This photo essay describes the life and work of self-taught itinerant portrait photographer Hugh Mangum (1877–1922) and includes a selection of his black-and-white glass plate negatives—many damaged by neglect and the passage of time—scanned and reproduced in full color with the aid of twenty-first century digital technology. Working primarily in North Carolina and Virginia, during the rise of the segregationist laws of the Jim Crow Era, Hugh Mangum welcomed a clientele that was both racially and economically diverse. Using a Penny Picture camera that allowed him to record multiple separate exposures on a single glass plate negative, he left behind an unintended record of the succession of sitters who passed through his traveling studio. These multiple image plates depict a wide variety of people, confounding the common historical narrative and hinting at unexpected relationships and complex lines of connection that refute the racial categories defined by law to separate black and white people. Hugh Mangum's strikingly detailed and democratically seen portraits offer an unusual sightline into a turbulent time in the history of the southern United States.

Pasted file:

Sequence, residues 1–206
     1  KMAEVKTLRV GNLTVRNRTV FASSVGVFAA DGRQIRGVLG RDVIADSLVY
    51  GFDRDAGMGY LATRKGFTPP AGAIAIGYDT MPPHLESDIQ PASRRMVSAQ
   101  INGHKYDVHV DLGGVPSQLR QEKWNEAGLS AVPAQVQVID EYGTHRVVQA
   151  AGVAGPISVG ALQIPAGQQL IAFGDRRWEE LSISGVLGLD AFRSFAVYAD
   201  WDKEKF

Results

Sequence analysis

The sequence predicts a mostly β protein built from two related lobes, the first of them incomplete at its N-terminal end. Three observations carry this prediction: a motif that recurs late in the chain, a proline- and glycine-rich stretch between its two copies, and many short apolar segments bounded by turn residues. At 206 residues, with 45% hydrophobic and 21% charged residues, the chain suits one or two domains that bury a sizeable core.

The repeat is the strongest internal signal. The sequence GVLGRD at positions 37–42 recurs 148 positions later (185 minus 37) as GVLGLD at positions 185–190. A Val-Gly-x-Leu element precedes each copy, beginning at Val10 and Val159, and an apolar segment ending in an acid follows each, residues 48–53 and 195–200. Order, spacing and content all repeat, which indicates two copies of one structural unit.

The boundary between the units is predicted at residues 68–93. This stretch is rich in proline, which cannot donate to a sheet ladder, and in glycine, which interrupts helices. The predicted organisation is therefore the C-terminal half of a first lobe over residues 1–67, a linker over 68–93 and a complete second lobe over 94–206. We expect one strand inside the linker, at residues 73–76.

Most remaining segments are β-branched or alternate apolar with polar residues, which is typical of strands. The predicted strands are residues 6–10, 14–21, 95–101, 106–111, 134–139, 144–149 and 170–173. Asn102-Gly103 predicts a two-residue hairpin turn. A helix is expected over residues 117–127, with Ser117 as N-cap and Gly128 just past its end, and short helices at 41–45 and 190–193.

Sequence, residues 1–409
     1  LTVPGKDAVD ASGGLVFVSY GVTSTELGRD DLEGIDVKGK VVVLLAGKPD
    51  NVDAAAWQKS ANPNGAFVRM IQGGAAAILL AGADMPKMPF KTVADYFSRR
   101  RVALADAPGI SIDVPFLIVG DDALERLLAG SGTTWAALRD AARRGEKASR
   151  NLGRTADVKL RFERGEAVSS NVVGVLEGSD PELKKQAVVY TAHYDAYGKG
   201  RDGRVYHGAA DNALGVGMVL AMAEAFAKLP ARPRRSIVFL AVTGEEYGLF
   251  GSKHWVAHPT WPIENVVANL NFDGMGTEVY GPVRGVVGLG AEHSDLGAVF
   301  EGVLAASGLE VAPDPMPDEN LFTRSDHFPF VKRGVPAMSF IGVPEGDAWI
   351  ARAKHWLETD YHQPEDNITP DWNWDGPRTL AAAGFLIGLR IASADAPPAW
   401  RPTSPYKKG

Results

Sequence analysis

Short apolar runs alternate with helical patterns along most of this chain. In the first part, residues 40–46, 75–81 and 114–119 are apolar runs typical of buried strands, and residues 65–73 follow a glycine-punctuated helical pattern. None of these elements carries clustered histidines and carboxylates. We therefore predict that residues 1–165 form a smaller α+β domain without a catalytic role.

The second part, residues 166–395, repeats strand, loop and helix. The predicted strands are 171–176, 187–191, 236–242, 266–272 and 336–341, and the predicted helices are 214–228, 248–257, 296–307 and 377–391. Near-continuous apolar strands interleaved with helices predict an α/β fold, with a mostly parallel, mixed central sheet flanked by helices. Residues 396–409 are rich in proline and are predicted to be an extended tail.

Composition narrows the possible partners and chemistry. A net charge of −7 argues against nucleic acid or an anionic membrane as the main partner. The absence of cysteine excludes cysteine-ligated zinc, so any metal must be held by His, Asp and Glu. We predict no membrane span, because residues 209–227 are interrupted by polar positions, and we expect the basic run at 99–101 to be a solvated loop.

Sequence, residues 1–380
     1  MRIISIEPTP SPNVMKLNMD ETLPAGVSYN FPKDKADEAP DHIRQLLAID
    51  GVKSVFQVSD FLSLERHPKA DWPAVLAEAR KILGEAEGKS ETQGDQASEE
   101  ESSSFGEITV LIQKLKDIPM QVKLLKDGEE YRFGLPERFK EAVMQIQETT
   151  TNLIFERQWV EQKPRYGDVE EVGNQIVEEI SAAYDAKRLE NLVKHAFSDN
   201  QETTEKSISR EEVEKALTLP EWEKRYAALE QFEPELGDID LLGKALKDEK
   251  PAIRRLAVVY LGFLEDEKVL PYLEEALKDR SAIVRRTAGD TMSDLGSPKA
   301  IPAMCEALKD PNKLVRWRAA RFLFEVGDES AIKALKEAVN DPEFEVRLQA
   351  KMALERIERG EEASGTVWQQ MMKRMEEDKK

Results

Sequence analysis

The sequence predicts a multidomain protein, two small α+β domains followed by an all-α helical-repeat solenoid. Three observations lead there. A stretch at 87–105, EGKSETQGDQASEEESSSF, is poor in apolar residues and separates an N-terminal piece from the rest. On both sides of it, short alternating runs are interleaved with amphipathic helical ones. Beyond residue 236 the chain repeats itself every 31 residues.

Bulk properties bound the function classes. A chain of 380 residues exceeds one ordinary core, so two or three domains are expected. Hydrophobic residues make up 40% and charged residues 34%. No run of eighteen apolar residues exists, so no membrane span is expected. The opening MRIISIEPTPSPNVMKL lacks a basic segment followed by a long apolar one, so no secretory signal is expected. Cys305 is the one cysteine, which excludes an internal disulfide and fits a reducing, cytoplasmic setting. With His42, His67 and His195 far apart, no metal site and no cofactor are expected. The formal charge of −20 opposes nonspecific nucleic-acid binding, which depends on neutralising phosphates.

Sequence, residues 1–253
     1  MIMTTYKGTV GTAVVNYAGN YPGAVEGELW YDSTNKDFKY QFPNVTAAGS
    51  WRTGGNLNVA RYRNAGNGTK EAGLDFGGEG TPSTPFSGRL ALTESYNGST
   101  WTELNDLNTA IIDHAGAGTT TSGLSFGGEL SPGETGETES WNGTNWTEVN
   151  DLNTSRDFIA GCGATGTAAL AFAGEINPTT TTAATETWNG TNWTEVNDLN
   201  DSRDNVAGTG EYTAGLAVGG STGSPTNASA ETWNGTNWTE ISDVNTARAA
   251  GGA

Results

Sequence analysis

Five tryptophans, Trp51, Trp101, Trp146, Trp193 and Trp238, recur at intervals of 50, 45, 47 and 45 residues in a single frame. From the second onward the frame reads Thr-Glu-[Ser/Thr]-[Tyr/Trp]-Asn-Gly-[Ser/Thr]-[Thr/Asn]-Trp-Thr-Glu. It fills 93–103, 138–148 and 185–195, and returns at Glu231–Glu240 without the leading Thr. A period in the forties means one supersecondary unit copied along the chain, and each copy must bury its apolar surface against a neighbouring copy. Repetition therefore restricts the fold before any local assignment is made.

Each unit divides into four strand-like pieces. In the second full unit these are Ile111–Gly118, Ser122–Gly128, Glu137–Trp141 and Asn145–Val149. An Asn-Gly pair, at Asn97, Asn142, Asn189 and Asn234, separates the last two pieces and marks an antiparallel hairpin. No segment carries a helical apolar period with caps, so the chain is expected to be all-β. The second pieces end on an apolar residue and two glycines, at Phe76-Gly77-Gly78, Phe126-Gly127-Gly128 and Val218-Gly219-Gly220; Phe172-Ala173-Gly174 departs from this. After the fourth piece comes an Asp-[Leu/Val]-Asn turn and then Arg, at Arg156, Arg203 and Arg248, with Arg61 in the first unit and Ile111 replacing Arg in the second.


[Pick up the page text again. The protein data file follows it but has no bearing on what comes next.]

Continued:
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pp. 36-53
Launched on MUSE
Open Access
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